Wharariki Beach is something you need to see to believe it. We were totally unprepared for this visual feast, since we had planned to go the opposite way, out to Farewell Spit. This peninsula, a sea of sand dunes, is a popular breeding ground for seabirds and thus can only be accessed with a tour. Luckily we were advised against this six hour trip in an eco-bus (!) that goes all the way to the tip of the peninsula with two little stops in between. So instead, we went to discover the area west of the peninsula on foot, which is so much more scenic. Moreover, it does not cost a penny.
The trail initially passes through green pastures on gentle hills and then suddenly enters a small plateau of rolling white sand dunes. A splendid vista! We waded through the fine sand towards the edge of the dunes, where they abruptly drop onto an immense, completely flat beach opening into the Tasman Sea. Off its shore, two giant rocks dominate the view. They appeared to have been chiselled by a giant, featuring formations that make your fantasy go wild. Down at the beach huge caves penetrate the limestone adding to the stunning scenery.
While we were soaking all this in, we noticed a family down at the water waving us over. They had come across a few fur seal pubs playing in a tidal pool and going wild. These gorgeous creatures leaped like dolphins, clapped their fins together while swimming on their back, jumped onto each other and did all kinds of crazy manoeuvres. Some swam ashore, propped up on their little fin-legs and curiously looked at us.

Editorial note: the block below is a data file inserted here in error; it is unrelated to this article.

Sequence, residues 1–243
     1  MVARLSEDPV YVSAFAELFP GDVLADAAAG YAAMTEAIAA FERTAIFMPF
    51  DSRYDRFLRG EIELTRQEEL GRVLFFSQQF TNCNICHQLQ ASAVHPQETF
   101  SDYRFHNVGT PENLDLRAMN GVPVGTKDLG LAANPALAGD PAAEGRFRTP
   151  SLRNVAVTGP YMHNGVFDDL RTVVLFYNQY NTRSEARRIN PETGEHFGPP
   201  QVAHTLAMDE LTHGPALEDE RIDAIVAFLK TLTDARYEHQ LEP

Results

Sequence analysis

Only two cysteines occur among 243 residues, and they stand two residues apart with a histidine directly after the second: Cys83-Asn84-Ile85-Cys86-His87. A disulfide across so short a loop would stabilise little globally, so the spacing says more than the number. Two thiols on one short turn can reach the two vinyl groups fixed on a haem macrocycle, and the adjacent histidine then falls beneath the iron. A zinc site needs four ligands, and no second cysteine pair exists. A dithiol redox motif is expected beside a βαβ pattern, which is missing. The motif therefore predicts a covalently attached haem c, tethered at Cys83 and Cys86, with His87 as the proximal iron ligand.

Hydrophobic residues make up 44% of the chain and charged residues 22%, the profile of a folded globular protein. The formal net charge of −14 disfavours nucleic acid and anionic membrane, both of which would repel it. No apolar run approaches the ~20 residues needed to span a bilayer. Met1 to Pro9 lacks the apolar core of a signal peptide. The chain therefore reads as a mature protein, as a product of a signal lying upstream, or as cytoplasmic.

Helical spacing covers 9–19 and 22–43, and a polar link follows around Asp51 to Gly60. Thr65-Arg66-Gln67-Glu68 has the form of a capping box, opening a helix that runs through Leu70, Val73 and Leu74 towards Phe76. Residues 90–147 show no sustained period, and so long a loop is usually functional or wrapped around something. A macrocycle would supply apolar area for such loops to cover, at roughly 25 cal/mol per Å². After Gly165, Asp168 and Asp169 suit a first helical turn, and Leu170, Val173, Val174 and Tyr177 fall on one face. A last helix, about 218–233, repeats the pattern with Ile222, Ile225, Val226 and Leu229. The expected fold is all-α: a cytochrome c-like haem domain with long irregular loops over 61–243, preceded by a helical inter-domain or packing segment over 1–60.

This performance climaxed when the two children threw a piece of kelp, sea weed, into the pond. The pups all tried to bite into the kelp pulling it from each other and at one point four seals had their teeth sank into this string of kelp playing tug-of war. When the children got a hold of the kelp and pulled it ashore, the cubs came out of the water demanding their kelp back. It was simply hilarious!
The incoming tide eventually gave them easy access to the whole wide ocean probably reminding them that there were other fun things to do out there and they left us behind almost heartbroken. This experience was similar captivating as stroking the baby vicuna in Bolivia, something unforgettable.